A dissident faction of a vigilante group in Mexico’s Guerrero state has allegedly attacked other community police, in a sign this group, like their Michoacan neighbors, is experiencing major cracks in its leadership.
According to La Cronica de Hoy, a group of civilians headed by former leaders of the community police network known as the Regional Coordinator of Community Authorities (CRAC) assaulted and fired on other vigilantes and their detainees at a courthouse in the municipality of San Luis Acatlan on March 18. The attack, in which one person was seriously injured, required the intervention of the Mexican army.
Milenio reports that the assault on the courthouse involved 80 people who were attempting to rescue two men who were taken captive by vigilantes led by CRAC coordinator Eliseo Villar Castillo. The men were detained for their alleged involvement in an attack on Villar Castillo while he was driving toward a nearby municipality on March 16.
Meanwhile, Excelsior reported that up to 300 unarmed people approached the courthouse and were received with gunfire from 30 community police led by Villar Castillo’s faction.
The situation follows the emergence of an apparent division within the group, with dissident leaders forming a small regional assembly that accuses Villar Castillo and several others of defrauding the group of some $55,000.
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This case is further cause for concern as vigilante groups in the neighboring state of Michoacan also appear to be fragmenting. In both cases, these divisions have occurred amid accusations of irregular activity by the groups’ leaders.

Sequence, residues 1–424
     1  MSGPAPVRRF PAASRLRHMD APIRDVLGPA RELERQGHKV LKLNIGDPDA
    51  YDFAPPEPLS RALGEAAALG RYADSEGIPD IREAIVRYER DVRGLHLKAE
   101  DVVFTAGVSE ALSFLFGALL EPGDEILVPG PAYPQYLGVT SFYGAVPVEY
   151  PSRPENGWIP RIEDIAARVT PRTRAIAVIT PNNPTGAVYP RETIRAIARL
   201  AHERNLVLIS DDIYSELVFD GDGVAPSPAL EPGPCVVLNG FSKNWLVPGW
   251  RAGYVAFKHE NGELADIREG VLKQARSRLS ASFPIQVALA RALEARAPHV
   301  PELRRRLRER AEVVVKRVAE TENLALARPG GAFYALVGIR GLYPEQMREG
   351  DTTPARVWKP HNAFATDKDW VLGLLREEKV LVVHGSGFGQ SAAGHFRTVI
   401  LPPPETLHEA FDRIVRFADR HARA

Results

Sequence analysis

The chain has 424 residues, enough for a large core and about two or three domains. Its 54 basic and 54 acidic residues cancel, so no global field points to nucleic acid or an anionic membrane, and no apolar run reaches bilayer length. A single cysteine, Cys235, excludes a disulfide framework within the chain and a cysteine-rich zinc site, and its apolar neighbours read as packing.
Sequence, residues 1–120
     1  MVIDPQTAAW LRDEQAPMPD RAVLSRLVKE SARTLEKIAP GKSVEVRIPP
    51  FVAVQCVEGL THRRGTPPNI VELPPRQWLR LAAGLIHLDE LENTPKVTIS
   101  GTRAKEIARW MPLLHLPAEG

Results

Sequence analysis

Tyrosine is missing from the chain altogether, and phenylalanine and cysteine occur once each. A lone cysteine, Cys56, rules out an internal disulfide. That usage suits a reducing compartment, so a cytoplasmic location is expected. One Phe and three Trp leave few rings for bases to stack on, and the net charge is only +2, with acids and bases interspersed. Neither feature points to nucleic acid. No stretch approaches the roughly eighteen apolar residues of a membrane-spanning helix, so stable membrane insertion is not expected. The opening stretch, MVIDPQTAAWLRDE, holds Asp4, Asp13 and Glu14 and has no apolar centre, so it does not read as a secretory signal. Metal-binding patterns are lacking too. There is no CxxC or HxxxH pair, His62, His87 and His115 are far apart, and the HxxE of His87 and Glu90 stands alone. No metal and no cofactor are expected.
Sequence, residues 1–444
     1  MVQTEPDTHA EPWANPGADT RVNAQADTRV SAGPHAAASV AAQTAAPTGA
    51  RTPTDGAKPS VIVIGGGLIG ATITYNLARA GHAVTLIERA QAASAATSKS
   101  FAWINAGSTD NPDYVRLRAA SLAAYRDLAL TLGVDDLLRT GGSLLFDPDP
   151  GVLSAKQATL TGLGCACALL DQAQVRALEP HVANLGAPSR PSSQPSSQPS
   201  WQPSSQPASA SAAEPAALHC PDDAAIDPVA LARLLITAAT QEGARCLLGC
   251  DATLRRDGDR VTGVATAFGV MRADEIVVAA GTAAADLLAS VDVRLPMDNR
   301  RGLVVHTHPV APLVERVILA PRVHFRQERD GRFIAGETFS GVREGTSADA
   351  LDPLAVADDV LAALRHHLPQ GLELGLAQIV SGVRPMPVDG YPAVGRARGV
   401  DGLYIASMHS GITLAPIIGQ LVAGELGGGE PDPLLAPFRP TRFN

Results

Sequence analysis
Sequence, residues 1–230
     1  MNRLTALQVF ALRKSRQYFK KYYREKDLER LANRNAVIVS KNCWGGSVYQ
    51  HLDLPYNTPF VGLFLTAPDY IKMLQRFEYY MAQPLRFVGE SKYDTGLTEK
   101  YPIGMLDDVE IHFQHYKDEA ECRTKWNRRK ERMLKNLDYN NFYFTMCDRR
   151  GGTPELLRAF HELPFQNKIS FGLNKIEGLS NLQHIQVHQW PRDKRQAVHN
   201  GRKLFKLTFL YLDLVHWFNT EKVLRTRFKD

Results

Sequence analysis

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In Michoacan, where the militia groups gained semi-legal recognition in January, these divisions have been quite serious. The attack in Guerrero comes on the heels of the arrest and incarceration of Michoacan vigilante leader Hipolito Mora on murder charges, while rival vigilante leaders in the state have hurled accusations amongst themselves of involvement with the Knights Templar criminal organization. Mora now claims he was betrayed in this ongoing dispute.
The recent attack is one indication the vigilante movement in Guerrero is seeing a similar process of violent fragmentation. The CRAC, which formed nearly two decades ago, has also faced recent pressure from the Mexican government over fears it may be spiraling out of control.
Recent events in Michoacan have made it clear that applying a legal framework to the self-defense initiative does not necessarily solve any problems. The question now is how the government will move forward in both states to prevent these movements from breaking out into criminal activity and taking the law into their own hands.